It’s important to consider that the available information about these practices is fairly new, dating back to the 20th century, but the tattooing traditions of the Alaskan and Arctic indigenous peoples have been a part of their cultures for much longer that that — with the first recorded footnote dating back to 1576. But, if tattoos were deeply integrated into their cultural traditions, medicinal practices, and beauty trends, what were they made of and how did they work?

According to the Encyclopedia of the Arctic (edited by Mark Nuttall in 2004):

Skin Seamstresses and Healing Tattoos of the Ancient World |Three Yupiks with facial tatoos and beaded ornaments from Saint Lawrence Island, Alaska, between 1816 and 1817

“The typical tattoo kit consisted of a bone or steel needle, sinew thread, and a compound liquid pigment composed of lampblack, urine, and lubricating seal oil; in some regions, graphite, and plant juices were used. Oftentimes, tattoo pigments were believed to possess apotropaic properties and, as the needle and sinew were drawn through the skin, the tattoo artist chanted special words to facilitate the process. Several sittings were required to complete the desired pattern.”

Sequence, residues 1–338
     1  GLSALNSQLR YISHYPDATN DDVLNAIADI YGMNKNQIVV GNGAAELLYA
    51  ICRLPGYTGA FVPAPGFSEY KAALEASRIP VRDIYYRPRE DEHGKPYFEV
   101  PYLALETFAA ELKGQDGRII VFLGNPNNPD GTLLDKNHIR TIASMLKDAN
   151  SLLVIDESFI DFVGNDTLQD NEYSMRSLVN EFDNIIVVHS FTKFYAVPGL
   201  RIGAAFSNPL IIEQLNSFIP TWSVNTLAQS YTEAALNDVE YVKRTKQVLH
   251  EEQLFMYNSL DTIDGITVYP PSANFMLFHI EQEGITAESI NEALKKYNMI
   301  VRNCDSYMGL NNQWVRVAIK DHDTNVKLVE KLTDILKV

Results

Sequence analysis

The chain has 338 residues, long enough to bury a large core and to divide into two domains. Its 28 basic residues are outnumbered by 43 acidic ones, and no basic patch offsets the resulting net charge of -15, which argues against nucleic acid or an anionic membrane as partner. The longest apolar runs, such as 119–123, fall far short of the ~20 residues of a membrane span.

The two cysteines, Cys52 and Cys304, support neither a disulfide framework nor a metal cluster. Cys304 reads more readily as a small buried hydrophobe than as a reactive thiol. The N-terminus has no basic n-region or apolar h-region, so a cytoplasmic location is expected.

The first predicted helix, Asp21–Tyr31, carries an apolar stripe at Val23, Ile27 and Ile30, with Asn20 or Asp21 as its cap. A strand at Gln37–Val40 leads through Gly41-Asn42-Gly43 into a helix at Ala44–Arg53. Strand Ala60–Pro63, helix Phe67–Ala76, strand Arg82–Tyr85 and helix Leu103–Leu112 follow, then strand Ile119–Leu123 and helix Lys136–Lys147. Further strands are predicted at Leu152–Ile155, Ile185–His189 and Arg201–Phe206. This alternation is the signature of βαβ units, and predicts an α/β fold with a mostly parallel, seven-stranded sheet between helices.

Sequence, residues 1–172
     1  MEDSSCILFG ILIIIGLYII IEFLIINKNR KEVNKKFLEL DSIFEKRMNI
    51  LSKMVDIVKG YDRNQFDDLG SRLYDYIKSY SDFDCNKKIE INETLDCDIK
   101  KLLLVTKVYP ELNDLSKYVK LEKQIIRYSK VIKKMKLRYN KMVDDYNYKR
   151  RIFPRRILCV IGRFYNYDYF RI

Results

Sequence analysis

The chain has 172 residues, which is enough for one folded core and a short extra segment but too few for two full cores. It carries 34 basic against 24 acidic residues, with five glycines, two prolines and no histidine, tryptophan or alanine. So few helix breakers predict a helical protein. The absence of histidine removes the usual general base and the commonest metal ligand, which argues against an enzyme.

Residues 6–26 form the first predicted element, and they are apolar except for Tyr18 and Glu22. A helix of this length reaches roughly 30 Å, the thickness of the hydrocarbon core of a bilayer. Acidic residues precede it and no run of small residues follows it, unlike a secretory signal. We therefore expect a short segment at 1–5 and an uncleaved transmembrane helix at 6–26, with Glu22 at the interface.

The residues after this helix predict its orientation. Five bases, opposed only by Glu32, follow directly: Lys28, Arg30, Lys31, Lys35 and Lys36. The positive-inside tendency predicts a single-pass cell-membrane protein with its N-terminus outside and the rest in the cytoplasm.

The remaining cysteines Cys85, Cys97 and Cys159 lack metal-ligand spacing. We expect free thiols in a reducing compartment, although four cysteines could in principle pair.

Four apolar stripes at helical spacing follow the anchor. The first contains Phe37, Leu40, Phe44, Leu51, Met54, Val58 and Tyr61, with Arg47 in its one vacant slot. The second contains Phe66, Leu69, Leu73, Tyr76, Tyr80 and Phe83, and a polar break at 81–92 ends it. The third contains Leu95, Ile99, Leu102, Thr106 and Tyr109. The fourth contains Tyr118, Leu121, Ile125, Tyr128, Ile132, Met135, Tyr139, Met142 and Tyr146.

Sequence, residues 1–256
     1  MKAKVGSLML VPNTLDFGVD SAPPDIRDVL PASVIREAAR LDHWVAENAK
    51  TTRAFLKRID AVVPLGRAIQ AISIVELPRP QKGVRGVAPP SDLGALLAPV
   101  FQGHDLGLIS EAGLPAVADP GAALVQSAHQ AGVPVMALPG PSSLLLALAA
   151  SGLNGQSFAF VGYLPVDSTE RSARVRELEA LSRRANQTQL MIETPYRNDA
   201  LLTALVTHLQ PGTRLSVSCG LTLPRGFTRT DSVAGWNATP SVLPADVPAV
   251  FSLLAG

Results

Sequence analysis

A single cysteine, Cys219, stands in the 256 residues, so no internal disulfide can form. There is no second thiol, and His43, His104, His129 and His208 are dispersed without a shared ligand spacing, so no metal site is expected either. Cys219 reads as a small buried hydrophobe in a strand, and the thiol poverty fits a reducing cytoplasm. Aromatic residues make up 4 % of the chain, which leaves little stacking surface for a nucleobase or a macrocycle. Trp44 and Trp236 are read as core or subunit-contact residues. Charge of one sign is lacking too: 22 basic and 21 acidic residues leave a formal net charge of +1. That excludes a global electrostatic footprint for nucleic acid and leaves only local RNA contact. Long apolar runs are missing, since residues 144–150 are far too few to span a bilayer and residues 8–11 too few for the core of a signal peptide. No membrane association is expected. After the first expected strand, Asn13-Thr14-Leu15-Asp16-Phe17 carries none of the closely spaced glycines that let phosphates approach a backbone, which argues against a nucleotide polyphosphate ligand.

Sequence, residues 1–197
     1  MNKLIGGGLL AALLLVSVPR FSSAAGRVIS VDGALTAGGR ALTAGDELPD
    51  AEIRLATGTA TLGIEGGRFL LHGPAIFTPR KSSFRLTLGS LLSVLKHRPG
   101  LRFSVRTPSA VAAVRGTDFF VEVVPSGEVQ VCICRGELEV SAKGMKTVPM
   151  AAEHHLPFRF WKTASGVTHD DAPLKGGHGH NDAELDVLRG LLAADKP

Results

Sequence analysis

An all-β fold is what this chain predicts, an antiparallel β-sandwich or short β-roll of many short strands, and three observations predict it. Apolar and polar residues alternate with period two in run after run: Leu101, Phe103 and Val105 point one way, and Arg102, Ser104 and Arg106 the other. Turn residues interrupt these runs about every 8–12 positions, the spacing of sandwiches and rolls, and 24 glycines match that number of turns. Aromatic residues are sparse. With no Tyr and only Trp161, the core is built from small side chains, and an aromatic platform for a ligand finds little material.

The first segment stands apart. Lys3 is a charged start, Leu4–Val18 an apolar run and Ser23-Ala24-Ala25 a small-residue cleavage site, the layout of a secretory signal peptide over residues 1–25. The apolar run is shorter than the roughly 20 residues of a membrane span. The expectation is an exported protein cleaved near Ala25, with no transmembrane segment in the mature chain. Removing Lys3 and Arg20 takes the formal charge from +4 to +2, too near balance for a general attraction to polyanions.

A similar tradition emerged in Ancient Egypt; women, predominantly, were known to use tattoos for cosmetic, cultural, ritual, and medicinal purposes. This, however, is not to say that men didn’t dabble in the art form. Apparently, some ancient ink was recently discovered on a mummy that was actually recovered by archaeologists some 100 years ago. The coolest thing about it is that the markings on his body as well as the marking found on the Iceman are very close in age. Not only does this discovery confirm that the men of Ancient Egypt also partook in the practice, evidence of it is now pushed back by a millennium.